Econometrica: Sep 2021, Volume 89, Issue 5

Whither Formal Contracts?
p. 2341-2373

Raúl Sánchez de la Sierra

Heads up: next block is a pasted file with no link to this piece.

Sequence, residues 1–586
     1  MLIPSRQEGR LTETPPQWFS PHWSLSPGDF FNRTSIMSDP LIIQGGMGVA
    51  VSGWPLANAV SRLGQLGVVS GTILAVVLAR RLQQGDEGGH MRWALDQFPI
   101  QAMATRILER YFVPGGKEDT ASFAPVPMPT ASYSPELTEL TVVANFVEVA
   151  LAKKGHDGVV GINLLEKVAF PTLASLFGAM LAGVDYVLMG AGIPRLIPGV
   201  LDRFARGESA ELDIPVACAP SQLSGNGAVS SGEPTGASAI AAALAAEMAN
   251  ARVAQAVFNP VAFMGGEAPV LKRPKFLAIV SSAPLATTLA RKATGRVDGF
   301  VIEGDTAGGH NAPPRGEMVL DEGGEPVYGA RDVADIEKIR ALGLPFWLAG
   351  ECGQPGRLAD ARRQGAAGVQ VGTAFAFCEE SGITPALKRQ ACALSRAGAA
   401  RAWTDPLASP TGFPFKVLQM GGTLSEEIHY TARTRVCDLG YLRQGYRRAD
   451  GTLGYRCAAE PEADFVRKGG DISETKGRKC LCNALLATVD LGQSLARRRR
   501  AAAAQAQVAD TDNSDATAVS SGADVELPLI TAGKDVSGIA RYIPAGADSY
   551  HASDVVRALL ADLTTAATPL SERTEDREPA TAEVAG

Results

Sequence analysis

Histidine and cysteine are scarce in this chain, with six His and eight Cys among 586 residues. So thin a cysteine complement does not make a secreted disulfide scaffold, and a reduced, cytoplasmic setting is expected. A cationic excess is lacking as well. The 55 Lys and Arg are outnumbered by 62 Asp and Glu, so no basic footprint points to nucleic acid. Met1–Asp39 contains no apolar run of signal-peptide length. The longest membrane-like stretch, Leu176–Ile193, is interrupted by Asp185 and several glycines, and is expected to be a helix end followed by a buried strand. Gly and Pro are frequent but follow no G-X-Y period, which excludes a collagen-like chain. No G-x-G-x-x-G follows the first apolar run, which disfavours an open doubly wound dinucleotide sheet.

To measure the benefits of formal contract enforcement for society, I create a market with merchants and buyers, in which buyers can choose whether to buy, and whether to pay. A set of multiple “state‐favored” ethnic groups control the state. I experimentally vary whether formal contracts are required and the composition of buyer‐merchant pairs. The design separately identifies the effect of the contracts on the buyers' incentive to pay and on their incentive to buy. I document two ways in which society limits the benefits of contracts. First, contracts reduce buyer cheating, thus increasing merchants' profits, if, and only if, the merchant is state‐favored. Buyers' beliefs suggest that the merchants can enforce the contracts if, and only if, the merchant is state‐favored. Second, holding constant whether the pair is state‐favored, contracts only influence buyer choices when the buyer and the merchant belong to two, different, state‐favored ethnic groups. Buyers' choices and beliefs confirm that, in that case, the contracts are expected to be enforceable, but they have no effect on buyers' choices because reputation already governs the incentives to cheat within groups. The findings temper the view of the state as independent from society, offer a rationale for why contracts are not adopted, and nuance the notion of state weakness.

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